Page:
Every day Kate Orso scours the internet looking for her belongings that were auctioned off from the storage unit she was renting in Skowhegan.

There’s the 100-year-old steamer trunk with the image of a woman on the underside of the lid that belonged to her mother, a Nantucket lightship basket, Madame Alexander doll, antiques that had been in her family for three generations, a lot of precious family photos.

Some of the items aren’t particularly valuable, but to Orso, 68, they are priceless.

Kate Orso Courtesy photo

“There’s a wooden box that my son made me when he was 12,” Orso said, her voice breaking. “It was a plain wooden box that had aged over the years, made of thin wood. It had just aged to a golden brown.”

Orso called me this week to see if I could help spread the word that she is trying to find her possessions and is willing to buy them back from whomever purchased them.

She had been living for several years in a small house on her son’s property in Norridgewock. In 2021, after her other son died in a car crash in that town, she was invited to live with her cousins in North Carolina. So she put most of her belongings in a 5-by-5-foot self-storage unit at Skowhegan Self-Storage on Waterville Road in Skowhegan. She signed a contract Aug. 8, 2022, with the understanding the $25 rent would be paid automatically through her bank, monthly.


She visited the storage unit a few times, removing some small items to take with her to North Carolina, but many remained, including her bed, all her linens, pots and pans, dishes, and of course, the antiques. She moved south in January.

She learned two weeks ago that Herget Group LLC, an investment management firm based in Portsmouth, New Hampshire, bought Skowhegan Self-Storage last September and had auctioned off her storage unit last month. She immediately called the company and a woman named Cathy told her they had been unable to reach her by phone or letter to tell her they could not process the bank checks being sent them for her storage unit.

Cathy had written in February to a company Orso’s bank uses to send checks automatically to the storage company. The letter, dated Feb. 24, says the storage business could not process the checks through their system, hadn’t been able to reach Orso and was returning the checks uncashed. The company that sent the checks on Orso’s behalf had provided the storage company with an old address for Orso, so it was unable to contact her.

“They should have mailed a notice to the address on my contract, telling me they had purchased the storage company,” Orso said.

She urges anyone who thinks they may have some of her belongings, including photos, to email her at grammiek8@hotmail.com.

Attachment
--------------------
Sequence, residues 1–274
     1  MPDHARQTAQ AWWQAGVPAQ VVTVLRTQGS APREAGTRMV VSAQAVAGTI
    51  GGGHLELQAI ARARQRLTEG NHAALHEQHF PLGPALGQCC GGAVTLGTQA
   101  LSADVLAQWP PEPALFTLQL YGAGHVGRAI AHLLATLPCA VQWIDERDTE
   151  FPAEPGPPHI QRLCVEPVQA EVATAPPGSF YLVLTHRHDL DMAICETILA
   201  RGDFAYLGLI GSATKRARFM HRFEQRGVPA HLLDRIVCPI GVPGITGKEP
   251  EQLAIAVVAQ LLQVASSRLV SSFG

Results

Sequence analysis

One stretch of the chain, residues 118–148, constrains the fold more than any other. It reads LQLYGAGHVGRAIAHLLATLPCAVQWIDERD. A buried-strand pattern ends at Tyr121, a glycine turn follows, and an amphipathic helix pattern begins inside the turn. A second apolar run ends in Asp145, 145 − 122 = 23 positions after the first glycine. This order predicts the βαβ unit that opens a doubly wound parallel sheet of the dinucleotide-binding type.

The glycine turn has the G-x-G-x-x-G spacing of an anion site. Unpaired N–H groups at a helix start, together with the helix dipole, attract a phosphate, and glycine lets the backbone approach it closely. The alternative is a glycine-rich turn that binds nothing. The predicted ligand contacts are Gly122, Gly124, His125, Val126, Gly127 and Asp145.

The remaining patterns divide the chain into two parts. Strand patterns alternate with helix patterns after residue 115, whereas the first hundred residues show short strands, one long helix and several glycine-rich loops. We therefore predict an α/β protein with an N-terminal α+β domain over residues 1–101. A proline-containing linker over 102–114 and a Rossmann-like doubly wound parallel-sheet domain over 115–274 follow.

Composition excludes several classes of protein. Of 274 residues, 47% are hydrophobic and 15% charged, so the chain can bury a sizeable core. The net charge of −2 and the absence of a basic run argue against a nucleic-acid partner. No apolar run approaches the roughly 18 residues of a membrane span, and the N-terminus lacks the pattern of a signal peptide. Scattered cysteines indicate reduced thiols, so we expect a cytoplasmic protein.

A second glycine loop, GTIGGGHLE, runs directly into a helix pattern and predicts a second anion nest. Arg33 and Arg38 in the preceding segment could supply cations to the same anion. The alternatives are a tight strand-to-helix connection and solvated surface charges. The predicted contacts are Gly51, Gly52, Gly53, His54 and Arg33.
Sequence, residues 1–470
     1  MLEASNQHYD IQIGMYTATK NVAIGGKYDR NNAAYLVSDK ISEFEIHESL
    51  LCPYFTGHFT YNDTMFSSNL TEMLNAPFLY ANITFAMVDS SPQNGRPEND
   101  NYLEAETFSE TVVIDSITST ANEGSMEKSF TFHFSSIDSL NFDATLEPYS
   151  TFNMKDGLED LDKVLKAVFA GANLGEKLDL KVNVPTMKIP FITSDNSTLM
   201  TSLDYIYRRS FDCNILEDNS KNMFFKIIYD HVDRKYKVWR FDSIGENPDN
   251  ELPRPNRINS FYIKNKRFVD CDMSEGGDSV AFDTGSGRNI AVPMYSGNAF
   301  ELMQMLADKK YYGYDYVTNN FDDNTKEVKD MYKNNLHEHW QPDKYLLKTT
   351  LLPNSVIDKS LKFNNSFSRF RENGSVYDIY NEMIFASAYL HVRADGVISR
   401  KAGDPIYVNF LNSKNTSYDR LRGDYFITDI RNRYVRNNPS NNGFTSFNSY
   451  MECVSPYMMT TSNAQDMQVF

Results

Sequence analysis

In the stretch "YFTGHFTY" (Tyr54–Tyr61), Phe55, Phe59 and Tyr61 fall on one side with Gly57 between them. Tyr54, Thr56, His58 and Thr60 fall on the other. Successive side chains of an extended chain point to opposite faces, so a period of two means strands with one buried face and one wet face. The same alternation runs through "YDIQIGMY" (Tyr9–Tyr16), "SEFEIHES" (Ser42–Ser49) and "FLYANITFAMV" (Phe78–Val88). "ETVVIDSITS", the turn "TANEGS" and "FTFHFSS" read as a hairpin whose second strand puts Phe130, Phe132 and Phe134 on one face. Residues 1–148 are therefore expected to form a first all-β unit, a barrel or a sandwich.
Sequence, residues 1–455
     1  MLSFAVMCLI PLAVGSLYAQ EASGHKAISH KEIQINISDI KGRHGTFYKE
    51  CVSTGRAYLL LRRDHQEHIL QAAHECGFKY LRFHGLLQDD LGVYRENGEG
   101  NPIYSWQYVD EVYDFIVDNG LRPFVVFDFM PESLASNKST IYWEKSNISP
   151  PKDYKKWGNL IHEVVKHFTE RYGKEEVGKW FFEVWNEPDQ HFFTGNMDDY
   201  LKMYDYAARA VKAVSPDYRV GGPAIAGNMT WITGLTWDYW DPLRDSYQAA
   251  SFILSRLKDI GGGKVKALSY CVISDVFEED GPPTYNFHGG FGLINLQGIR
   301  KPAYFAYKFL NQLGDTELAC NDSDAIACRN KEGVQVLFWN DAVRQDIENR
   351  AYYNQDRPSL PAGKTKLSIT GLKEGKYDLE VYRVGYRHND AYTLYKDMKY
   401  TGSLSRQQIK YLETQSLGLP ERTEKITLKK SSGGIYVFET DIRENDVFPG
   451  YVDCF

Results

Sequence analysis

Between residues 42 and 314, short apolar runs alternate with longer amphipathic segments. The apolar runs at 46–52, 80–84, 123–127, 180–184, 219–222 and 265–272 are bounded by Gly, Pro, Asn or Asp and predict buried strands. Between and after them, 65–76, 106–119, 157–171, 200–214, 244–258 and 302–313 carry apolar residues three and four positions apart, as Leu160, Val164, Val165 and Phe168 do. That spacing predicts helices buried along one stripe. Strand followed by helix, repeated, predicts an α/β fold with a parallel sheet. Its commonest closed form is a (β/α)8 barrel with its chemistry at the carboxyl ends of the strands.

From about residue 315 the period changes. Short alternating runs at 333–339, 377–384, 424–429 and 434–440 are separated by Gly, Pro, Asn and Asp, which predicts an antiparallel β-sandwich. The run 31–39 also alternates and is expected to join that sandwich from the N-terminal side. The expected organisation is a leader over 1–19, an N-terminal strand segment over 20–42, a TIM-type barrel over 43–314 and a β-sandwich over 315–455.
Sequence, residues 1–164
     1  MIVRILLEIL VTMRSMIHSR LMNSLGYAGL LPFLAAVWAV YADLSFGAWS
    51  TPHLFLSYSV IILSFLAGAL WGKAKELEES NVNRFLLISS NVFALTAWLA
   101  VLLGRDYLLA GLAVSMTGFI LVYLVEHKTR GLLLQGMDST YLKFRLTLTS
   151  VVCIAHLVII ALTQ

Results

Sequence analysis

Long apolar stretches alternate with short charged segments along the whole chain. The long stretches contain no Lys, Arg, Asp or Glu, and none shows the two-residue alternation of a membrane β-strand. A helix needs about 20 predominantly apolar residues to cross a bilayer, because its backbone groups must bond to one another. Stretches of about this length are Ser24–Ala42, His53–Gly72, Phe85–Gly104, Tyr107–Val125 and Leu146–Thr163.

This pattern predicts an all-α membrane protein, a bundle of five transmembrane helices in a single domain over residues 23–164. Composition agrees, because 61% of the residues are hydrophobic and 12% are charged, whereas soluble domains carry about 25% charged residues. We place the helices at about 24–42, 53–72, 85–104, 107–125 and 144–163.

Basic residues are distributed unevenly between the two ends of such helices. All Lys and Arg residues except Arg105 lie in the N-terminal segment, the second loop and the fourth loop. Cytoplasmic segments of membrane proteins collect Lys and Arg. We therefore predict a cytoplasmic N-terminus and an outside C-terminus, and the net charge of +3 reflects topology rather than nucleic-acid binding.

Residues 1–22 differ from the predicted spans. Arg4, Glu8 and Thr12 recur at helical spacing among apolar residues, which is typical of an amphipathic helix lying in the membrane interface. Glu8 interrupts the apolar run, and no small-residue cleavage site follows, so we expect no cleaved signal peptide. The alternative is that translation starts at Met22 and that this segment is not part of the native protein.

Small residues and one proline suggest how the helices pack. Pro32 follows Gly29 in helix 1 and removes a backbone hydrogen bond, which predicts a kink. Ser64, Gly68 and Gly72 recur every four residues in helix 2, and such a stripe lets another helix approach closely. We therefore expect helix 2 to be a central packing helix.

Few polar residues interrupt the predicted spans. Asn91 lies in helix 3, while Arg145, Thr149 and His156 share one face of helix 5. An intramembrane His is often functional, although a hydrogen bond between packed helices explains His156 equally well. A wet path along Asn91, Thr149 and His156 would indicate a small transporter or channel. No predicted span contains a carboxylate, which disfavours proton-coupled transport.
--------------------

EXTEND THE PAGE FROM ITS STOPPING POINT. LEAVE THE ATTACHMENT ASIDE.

“It was like losing a family member — it hit me that hard,” Orso said. “I’ve posted on every swap and sale place in Maine. I search every day. I actually strained my eyes doing this. I’m just obsessed with finding one item, please. I just want to purchase some of my stuff back.”


The items include a 10-inch-tall ceramic pitcher in the shape of Bo Peep, two wooden firkins, a 5-gallon beige and brown jug, a miniature cast iron sand-and-gravel wagon pulled by a horse, and a white bowl and pitcher with pussy willows in it that was packed in the steamer trunk.

In an effort to find answers, I called Skowhegan Self-Storage on Tuesday to inquire about Orso’s unit. A woman named Cathy answered, apparently the same woman Orso had spoken with earlier, and said she couldn’t talk to me about it, she was not able to give me any information and there was no one else there, such as a supervisor, who could speak to me.

“I appreciate that you’re trying to help her,” Cathy said. “I appreciate the call, but I can’t help you.”

I then called the Herget Group at the Portsmouth phone number and again got Cathy, who said it would be illegal for her to speak to me about Orso’s case. I asked to speak with someone else, such as the company owner, and she said she had spoken with him and he didn’t want to comment. She told me not to call again, and hung up.

Orso, meanwhile, is frantically looking for her things, which were in Unit A1 at the storage business. Retired from a job where she cared for seniors in their homes, she hopes to move back to Maine. She is on waiting lists at three senior living places here.

“I keep hoping that maybe someone bought the storage unit and they haven’t had a chance to go through it,” she said. “That would be the miracle.”

Amy Calder has been a Morning Sentinel reporter 34 years. Her columns appear here weekly. She is the author of the book “Comfort is an Old Barn,” a collection of her curated columns, published in 2023 by Islandport Press. She may be reached at acalder@centralmaine.com. For previous Reporting Aside columns, go to centralmaine.com.

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